Credit Crunch Digest -- April 2014

This issue of the Credit Crunch Digest focuses on Barclays’ settlement of two important U.K. Libor lawsuits; the reversal of a Libor-related securities action dismissal by the Second Circuit Court of Appeals; a former Tullett Prebon employee’s wrongful termination lawsuit involving allegations of Libor manipulation; settlements by Citigroup and Bank of America in large mortgage-backed securities lawsuits; SAC Capital’s insider trading guilty plea; Swiss regulators investigations into FOREX manipulation by major banks; and Dodd-Frank whistleblower claims.


Libor and Foreign Exchange Litigation


Second Circuit Overturns Barclays Securities Case Dismissal

On April 25, 2014, the Second Circuit Court of Appeals reversed a lower court decision dismissing a purported shareholder securities class action against Barclays.  In the underlying lawsuit, Carpenters Pension Trust Fund of St. Louis, et al. vs. Barclays Plc, et. al, the plaintiffs allege the price of Barclays American depositary shares dropped as a result of misrepresentations from the bank and several of its officials. 


The stock drop came shortly after Barclays announced that it had agreed to pay approximately $453 million in settlements with U.K. and U.S. regulators related to Libor manipulation.  The case will now presumably proceed to discovery back in New York district court.(“Barclays Must Face U.S. Lawsuit Over Libor, Court Rules,” Reuters, April 25, 2014).

Barclays Settles U.K. Libor Litigation

On April 7, 2014, with a trial date looming, Barclays opted to settle with Graiseley Properties, Ltd., a nursing home provider in the United Kingdom that filed the first U.K. lawsuit against the bank involving allegations of Libor manipulation.  If Barclays went forward with the trial, past executives, including former CEO Bob Diamond, would likely have had to testify with respect to their knowledge of any Libor manipulation schemes that occurred.  As part of the settlement, Barclays agreed to a debt restructuring for Graiseley.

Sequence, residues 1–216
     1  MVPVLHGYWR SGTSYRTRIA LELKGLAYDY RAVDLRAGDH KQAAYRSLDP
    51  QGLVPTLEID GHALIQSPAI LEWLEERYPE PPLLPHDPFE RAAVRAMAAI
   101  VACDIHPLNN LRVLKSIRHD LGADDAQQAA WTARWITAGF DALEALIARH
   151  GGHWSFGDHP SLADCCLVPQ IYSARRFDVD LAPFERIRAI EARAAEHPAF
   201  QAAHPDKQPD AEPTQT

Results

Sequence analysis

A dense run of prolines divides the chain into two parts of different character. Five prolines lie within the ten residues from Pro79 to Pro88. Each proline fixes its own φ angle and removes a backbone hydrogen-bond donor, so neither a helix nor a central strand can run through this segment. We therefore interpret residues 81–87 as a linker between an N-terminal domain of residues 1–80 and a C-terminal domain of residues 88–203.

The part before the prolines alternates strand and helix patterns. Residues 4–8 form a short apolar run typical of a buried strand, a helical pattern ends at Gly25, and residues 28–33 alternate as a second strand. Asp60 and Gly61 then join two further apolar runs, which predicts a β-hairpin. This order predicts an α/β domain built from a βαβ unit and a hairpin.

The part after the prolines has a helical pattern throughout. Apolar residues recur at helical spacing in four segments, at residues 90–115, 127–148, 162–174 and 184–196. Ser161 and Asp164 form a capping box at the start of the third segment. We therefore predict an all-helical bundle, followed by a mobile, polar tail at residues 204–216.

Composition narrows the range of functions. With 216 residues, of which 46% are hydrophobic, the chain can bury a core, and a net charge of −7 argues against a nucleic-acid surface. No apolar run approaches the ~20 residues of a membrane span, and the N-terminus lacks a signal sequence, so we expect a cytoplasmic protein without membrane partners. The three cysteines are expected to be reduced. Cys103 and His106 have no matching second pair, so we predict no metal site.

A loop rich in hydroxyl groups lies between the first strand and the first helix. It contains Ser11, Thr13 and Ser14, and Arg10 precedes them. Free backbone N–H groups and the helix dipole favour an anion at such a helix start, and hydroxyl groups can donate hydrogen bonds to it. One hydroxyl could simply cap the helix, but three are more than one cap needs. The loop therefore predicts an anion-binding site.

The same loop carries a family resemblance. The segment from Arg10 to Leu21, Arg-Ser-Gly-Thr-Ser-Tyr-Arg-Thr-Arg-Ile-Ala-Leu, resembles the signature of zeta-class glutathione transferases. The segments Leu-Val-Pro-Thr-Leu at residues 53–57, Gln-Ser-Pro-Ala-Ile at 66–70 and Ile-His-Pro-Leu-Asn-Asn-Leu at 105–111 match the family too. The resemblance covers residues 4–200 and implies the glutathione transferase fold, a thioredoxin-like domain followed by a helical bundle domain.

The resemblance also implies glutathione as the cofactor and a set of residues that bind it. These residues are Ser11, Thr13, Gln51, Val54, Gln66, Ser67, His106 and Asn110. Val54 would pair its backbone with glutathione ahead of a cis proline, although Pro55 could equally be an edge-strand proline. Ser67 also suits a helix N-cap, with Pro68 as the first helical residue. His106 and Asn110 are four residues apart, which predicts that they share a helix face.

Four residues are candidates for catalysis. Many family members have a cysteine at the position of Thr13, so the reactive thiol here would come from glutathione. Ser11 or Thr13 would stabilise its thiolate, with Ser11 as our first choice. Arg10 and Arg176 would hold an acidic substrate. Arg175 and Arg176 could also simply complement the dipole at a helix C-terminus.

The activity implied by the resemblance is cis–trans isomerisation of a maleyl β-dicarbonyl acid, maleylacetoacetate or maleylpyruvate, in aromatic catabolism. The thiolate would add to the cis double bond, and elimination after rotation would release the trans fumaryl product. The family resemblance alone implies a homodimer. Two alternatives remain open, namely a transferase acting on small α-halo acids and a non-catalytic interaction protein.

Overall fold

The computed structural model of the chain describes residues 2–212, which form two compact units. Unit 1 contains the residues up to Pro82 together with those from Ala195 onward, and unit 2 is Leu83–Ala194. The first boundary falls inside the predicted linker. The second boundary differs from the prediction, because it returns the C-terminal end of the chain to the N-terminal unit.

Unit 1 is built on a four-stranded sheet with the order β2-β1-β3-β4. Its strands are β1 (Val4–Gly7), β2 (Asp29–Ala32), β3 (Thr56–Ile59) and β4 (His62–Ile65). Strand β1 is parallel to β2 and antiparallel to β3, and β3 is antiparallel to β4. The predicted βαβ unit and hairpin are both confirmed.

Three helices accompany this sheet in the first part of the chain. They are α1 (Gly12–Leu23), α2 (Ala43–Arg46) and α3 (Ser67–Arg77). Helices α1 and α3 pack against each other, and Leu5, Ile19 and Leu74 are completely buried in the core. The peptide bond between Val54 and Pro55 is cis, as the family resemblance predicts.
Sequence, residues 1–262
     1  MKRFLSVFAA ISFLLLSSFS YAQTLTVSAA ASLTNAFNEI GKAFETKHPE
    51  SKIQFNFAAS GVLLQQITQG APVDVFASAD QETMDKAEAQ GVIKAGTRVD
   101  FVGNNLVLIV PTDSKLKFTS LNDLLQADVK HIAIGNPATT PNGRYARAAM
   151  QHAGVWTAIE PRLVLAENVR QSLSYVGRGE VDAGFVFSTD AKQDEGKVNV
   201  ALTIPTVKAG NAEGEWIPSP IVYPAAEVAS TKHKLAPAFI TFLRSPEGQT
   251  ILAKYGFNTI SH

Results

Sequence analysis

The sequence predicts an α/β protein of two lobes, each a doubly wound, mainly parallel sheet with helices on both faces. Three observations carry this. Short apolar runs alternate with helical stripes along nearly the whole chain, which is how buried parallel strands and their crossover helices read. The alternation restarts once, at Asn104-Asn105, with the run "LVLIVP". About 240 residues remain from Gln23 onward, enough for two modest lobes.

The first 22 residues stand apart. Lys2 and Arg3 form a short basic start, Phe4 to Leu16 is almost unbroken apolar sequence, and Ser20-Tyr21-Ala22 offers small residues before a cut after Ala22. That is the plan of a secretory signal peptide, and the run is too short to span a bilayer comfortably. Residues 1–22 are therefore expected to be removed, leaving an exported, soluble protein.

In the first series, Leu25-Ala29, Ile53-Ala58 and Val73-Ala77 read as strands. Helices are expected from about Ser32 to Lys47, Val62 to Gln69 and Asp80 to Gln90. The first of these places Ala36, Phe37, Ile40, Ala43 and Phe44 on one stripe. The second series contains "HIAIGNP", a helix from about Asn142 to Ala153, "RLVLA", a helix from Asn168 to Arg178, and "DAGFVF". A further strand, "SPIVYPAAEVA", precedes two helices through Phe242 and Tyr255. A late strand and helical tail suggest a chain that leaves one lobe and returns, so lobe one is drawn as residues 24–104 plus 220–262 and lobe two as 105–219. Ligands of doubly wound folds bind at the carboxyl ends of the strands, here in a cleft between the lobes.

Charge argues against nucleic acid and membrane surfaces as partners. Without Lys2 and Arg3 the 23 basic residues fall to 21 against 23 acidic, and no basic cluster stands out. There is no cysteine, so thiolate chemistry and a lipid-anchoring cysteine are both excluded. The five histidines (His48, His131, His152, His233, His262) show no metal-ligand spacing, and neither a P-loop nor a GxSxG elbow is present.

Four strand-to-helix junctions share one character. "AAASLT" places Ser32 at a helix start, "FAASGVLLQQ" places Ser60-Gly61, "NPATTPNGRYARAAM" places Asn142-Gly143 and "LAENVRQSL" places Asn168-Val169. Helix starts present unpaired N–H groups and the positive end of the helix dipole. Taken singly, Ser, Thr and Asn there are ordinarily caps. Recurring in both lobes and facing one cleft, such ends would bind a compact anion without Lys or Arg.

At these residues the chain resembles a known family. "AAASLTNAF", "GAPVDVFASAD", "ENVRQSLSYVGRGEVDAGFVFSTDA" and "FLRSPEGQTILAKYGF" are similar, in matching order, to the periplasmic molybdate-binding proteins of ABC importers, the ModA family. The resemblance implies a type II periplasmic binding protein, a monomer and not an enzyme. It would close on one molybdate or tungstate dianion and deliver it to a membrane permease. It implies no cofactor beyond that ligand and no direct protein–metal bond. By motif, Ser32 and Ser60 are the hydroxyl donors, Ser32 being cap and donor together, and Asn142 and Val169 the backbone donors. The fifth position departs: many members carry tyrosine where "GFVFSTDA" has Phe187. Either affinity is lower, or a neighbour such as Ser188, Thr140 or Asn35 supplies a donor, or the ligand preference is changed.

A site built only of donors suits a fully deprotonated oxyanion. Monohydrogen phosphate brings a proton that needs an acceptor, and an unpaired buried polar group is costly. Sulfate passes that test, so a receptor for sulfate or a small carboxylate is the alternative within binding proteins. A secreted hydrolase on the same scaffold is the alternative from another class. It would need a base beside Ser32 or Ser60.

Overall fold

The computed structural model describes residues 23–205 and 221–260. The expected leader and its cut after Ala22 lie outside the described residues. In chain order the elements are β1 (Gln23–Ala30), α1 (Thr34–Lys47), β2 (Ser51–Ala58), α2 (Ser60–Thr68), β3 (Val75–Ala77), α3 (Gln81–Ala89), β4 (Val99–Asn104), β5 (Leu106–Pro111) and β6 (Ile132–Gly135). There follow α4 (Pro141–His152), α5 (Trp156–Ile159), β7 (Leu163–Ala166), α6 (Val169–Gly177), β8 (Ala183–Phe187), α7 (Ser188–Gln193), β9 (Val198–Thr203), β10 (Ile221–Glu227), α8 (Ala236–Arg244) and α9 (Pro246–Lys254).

Certain analysts believe that Barclays may now face new lawsuits from other individuals who may have been affected by Libor manipulation, as this case could have set a precedent that Barclays will settle matters rather than face trial to avoid internal emails being made public.  As an example, Graiseley introduced an email at a hearing last month from Barclay’s former COO where he described Libor as a “fantasy.”  While Graiseley alleged damages of approximately £12 million pounds, it has settled the matter for an unreported amount.  (“Barclays Settles U.K. Libor Case Weeks Before Start of Trial,” Bloomberg, April 8, 2014).

Shortly after settling with Graiseley Properties, Barclays settled a second case involving Libor manipulation with a Portuguese construction firm.  No specific terms regarding the settlement were disclosed, but the construction firm was also reportedly alleging wrongful conduct with regard to the selling of certain financial products connected to Libor.  (“Barclays settles second Libor-linked UK court case,” Reuters, April 11, 2014). 


Fired Tullett Broker Denies Libor Rigging

Noel Cryan, a broker who was fired from Tullett Prebon Plc, argues that he never attempted to manipulate Libor.  Tullett terminated Cryan in September 2013, citing gross misconduct in connection with communications between him and a UBS AG banker allegedly related to Libor rigging.  Cryan alleges that the selected messages are misleading, and that he never actually requested anybody at Tullett to manipulate Libor.  Rather, Cryan states that he only gave the impression to the UBS banker that he would aid in Libor rigging in order to retain business from UBS, and that his manages knew about the practice.